Russian experts in this field include representatives of at least two generations, many of whom have a PhD in Law and work in higher educational institutions in Moscow, including universities that train international cooperation specialists, such as MGIMO, RUDN, and the Diplomatic Academy. There is also a noticeable share of experts working in other cities. More than two dozen doctoral dissertations have been defended on the topic of International Humanitarian Law (links to some of them can be found in the References list available in the online version of this article). Undoubtedly, this signifies professional interest in this topic and the need for such expertise in Russia at the government level.
The article presents an analysis of publications on the work of (1) UN ad hoc international tribunals and (2) the International Criminal Court. The list of cited works includes only part of the publications due to the limitations of the magazine article format. We did not consider numerous publications focusing on the integration of IHL norms into Russian criminal legislation since this topic requires a separate study, especially considering the ongoing intense debate; nor did we analyze works exploring historical aspects of IHL development and the Nuremberg and Tokyo Tribunals since these works, with few exceptions (Mezyaev, 2011; Volevodz, 2016), are not directly related to the subject matter of this article.
EVALUATING THE WORK OF UN INTERNATIONAL CRIMINAL TRIBUNALS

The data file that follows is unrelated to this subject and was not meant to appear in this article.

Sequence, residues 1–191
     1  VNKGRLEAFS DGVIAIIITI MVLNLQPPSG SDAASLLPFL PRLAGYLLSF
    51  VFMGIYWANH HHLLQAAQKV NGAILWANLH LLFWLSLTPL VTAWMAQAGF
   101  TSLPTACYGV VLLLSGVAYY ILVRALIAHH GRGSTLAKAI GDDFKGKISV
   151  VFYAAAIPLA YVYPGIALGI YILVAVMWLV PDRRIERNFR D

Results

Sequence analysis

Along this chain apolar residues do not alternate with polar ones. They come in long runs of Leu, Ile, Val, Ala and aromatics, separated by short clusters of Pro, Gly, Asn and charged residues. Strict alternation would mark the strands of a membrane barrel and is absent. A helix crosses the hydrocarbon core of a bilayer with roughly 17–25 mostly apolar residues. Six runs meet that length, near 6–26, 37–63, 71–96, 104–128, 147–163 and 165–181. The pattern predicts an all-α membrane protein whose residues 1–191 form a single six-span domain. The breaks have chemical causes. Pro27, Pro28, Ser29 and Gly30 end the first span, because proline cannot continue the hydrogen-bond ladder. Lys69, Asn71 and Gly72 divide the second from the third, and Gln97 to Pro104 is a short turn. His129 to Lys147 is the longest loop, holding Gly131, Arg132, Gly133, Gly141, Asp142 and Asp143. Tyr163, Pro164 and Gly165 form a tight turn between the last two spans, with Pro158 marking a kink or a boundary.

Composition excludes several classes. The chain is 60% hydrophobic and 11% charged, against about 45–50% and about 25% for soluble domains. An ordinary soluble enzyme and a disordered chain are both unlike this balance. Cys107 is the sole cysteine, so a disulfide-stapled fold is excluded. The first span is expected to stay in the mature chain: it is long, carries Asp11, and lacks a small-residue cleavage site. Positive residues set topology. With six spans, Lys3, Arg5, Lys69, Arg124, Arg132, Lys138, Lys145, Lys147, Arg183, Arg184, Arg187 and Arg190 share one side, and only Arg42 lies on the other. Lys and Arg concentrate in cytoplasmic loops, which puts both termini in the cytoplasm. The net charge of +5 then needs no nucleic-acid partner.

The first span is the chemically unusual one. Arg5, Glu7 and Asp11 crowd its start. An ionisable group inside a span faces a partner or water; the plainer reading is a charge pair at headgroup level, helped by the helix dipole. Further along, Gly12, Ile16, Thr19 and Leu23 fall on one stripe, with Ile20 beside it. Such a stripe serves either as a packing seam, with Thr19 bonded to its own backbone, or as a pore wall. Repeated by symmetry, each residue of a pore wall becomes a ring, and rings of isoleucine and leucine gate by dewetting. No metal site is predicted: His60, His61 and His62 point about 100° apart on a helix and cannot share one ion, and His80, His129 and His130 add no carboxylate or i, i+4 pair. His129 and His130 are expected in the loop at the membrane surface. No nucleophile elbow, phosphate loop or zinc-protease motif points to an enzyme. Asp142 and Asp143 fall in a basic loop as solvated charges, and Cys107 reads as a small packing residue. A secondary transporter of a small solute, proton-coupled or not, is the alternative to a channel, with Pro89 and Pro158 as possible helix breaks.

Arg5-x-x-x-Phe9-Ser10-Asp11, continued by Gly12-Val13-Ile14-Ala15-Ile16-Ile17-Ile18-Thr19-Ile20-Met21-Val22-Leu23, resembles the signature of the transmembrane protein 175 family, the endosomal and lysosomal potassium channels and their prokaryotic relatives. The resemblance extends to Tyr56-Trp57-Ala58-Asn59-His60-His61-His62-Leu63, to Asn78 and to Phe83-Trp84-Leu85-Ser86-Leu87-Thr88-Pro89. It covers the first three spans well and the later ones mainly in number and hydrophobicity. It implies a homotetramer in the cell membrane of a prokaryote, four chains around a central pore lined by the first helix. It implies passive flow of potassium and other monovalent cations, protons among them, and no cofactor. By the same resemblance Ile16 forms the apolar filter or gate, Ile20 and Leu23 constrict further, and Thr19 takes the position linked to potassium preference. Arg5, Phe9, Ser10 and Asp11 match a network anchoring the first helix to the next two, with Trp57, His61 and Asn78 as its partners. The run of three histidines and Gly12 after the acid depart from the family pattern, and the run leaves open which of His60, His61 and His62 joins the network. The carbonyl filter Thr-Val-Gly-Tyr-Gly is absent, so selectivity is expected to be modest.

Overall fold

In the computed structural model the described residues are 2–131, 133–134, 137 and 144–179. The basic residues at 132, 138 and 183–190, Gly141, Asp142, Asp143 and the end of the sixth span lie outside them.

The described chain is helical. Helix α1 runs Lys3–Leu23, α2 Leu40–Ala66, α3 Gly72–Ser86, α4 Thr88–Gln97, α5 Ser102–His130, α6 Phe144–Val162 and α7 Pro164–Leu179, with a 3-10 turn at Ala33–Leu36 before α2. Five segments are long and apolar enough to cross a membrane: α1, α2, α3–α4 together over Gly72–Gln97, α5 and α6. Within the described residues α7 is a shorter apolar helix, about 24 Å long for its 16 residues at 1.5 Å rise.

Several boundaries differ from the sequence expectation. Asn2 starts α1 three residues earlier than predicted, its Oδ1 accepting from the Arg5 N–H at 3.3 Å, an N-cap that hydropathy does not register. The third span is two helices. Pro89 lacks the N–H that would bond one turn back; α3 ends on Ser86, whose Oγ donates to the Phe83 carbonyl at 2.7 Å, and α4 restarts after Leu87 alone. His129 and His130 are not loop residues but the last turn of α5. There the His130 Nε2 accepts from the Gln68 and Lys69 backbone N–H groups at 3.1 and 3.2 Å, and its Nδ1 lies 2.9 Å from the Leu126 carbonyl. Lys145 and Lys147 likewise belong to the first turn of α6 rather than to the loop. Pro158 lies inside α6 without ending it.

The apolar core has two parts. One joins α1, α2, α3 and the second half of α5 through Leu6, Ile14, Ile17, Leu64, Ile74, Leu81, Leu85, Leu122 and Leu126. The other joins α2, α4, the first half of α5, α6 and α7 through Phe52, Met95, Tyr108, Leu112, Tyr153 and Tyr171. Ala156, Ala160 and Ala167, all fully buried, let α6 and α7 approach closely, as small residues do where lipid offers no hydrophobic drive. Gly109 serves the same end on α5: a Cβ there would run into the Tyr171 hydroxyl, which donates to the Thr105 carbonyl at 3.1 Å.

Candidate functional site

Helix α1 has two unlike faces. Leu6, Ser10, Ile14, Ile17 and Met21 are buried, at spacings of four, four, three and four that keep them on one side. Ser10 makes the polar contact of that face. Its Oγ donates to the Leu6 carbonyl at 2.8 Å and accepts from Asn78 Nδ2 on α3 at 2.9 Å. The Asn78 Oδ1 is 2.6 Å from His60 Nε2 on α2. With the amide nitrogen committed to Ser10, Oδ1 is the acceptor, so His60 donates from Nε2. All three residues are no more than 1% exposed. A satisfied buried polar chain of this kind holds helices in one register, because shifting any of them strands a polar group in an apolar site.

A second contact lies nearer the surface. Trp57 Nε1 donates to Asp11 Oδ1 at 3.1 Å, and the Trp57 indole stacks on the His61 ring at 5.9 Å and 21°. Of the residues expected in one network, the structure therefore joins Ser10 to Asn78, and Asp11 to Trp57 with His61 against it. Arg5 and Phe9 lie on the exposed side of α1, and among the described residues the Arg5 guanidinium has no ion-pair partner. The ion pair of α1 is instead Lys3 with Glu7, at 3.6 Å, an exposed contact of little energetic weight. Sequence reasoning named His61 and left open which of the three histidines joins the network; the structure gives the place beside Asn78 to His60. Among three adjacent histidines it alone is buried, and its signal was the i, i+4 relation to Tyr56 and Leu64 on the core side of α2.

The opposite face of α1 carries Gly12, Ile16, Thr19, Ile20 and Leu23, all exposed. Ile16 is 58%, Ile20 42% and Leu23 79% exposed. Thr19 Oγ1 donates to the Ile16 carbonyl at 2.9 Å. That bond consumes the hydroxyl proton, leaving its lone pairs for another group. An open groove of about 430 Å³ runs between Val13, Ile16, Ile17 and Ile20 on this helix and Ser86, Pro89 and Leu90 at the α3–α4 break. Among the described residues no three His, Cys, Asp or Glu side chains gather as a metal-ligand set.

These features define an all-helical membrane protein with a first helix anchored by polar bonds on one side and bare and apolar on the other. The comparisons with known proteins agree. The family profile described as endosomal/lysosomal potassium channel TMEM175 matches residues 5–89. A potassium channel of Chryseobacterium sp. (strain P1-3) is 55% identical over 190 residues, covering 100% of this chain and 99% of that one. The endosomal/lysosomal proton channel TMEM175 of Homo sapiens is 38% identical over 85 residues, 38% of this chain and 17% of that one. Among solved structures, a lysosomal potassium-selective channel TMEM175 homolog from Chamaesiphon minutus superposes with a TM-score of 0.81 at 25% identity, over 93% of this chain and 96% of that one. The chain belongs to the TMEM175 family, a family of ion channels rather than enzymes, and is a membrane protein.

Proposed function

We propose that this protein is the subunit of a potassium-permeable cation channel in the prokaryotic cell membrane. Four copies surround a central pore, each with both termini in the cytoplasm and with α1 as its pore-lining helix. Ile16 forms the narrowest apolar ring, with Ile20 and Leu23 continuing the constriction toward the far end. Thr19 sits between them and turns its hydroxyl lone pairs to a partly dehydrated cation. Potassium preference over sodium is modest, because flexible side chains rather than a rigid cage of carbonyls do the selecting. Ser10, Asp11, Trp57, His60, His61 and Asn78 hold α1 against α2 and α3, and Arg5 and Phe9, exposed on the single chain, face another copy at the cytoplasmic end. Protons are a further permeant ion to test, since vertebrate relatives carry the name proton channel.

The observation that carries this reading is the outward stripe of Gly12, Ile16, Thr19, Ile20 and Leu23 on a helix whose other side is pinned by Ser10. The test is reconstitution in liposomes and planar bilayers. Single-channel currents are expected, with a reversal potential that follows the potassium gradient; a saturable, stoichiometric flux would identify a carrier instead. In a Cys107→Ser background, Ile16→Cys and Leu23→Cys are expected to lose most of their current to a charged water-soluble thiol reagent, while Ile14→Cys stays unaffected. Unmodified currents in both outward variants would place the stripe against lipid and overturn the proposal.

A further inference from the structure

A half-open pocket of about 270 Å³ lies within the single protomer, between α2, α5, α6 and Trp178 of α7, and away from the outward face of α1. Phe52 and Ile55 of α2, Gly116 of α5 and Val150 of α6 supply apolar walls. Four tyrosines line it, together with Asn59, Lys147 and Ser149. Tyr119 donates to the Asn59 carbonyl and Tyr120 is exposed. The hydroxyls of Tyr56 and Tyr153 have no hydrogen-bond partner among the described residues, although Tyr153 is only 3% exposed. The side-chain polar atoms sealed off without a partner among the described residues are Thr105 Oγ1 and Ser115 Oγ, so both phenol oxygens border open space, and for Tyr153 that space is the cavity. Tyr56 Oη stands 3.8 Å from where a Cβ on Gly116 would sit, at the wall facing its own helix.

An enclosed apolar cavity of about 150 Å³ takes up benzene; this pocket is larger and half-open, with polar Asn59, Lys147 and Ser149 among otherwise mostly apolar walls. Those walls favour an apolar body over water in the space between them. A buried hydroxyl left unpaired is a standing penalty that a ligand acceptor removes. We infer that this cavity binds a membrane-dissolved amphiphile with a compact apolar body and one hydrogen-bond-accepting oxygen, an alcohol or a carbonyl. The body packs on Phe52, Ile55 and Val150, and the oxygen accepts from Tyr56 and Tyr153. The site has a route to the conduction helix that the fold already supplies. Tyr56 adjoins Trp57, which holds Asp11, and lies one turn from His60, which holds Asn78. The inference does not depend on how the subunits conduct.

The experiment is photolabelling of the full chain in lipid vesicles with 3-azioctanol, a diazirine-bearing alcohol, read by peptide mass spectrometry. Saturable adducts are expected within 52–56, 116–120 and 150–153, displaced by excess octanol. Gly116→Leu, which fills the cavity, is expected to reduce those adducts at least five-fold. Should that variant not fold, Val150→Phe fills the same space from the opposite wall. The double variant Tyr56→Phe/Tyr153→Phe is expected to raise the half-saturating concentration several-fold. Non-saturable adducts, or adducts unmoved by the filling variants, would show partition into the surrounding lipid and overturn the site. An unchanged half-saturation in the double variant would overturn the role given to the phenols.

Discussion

In Russia, the attitude towards international criminal justice was shaped mainly by the work of the International Criminal Tribunal for the former Yugoslavia and its assessment by Russian politicians, experts and the media. The work of the International Criminal Tribunal for Rwanda was covered to a much lesser extent even though it involved three Russian judges: Ya. A. Ostrovsky (1995-1997), S.A. Yegorov (2003-2010), and B.R. Tuzmukhamedov (2009-2012). The establishment of the ICTY was supported by Russia, which co-sponsored its founding resolution, and, according to S.A. Yegorov, “the Russian Federation made no reservations about such a procedure for creating the tribunal,” and its establishment was considered a historical event (2014, p. 589). G.A. Nelaeva and Z.I. Gizatullina quote Yuly Vorontsov, the Russian representative to the UN Security Council at that time, as saying that “this is the first time in history when not the victors judge the defeated, but the entire international community judges those who violated the generally accepted norms of international law and human notions of morality and humanity” (2012, p. 74). The Russian government agreed to have several Russian lawyers and investigators joining the Office of the Prosecutor from the early days, including Nikolai Mikhailov (investigator in cases against Bosnian Muslims) and Vassily Poryvayev (lawyer in cases against Bosnian Croats).